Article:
All of us from the BBC’s Natural History Unit who are working on this show – cameramen and women, editors, producers and presenters – are burning the midnight oil to make Planet Earth Live as good as we possibly can, and delivering as best we can on our core aim of telling you compelling stories from the natural world as they happen, because we really want to show you how important this month is in the natural world. I would like to take this opportunity to pay tribute to our field teams of camerafolk, producers and editors who are working extremely hard in difficult situations and are still able to deliver amazing shots and scenes and tell intimate, real-life stories with often only hours to turn the stories around and get them back to base in time for each live transmission. I remain extremely proud of their tireless work and beautiful, crafted results, and I salute them.

    Every episode we put together, we learn new things and we’re determined to keep evolving and improving. There are some issues you are raising that are too late to change for this series (and many of these I have already addressed in my initial blog), but rest assured every big new broadcast format and editorial idea like this gets rigorously reviewed and debriefed within the BBC Natural History Unit before planning any future series or re-workings of its format or core idea.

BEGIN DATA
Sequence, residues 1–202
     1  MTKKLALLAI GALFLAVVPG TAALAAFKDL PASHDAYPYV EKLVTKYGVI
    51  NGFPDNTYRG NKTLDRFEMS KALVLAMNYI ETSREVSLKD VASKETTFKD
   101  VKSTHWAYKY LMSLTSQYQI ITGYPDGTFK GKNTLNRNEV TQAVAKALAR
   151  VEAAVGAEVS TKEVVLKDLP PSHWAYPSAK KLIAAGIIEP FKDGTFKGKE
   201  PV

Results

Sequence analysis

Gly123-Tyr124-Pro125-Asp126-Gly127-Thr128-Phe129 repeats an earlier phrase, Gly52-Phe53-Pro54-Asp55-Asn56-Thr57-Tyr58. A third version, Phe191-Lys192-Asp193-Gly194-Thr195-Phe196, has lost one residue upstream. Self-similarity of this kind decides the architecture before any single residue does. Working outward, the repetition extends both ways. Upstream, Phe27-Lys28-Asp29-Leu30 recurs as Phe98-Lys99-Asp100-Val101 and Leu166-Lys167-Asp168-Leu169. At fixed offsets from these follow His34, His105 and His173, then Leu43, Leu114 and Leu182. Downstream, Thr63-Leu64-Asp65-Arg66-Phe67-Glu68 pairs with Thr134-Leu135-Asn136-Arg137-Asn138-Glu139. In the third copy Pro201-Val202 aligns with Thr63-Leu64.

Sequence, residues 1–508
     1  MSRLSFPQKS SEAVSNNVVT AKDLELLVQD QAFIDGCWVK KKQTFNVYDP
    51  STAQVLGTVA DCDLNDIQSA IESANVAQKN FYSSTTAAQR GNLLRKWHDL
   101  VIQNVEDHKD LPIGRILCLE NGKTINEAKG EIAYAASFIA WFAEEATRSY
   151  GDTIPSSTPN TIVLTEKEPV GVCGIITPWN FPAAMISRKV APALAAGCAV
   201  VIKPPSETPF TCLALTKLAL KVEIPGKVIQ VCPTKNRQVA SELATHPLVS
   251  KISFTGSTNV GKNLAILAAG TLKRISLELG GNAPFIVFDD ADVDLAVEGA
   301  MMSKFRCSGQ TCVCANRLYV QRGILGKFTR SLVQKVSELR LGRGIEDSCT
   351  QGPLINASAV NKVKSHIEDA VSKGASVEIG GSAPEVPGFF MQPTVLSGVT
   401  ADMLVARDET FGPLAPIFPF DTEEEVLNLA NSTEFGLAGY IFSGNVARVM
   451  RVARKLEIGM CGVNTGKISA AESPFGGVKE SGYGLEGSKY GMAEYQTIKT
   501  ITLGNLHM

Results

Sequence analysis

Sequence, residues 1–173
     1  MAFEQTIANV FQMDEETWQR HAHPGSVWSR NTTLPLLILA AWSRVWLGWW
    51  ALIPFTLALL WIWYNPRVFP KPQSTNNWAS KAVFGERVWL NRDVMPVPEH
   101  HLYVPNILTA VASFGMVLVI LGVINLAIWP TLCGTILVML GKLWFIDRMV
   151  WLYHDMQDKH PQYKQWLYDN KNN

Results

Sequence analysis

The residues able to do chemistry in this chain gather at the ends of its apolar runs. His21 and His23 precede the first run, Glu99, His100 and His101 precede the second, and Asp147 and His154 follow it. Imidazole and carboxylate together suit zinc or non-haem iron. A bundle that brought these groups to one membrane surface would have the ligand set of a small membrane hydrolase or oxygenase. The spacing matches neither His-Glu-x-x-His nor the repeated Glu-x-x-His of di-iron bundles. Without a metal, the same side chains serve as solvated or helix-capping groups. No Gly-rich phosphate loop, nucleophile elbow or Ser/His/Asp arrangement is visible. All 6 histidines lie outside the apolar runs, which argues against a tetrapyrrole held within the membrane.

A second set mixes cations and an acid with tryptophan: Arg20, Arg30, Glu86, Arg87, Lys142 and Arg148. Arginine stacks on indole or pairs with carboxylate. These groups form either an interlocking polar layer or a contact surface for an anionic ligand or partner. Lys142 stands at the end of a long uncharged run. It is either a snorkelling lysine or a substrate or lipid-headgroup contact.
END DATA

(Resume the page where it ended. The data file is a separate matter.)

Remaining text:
Thanks again for taking the time to share your views, which we ARE all reading and listening to. We’ll be back on air tonight at 7.30pm on BBC ONE for a quick half hour catch up and with more new stories in our main one hour shows on Thursday and Sunday. I do hope you will join us.

  • Comment number 56.

    I have to agree with everyone, Richard Hammond, what a disaster, Gordon Buchanan would of been perfect for the job, and he knows the bears and he is passionate and clued up about all wild life!

  • Comment number 57.

    Why do the two presenters have to ruin absolutely everything by so visibly reading their notes on camera??? Julia seems to even need to check what emotion she is supposed to be feeling, or what the continuation of an exclamation is!! So unprofessional it's absolutely revolting!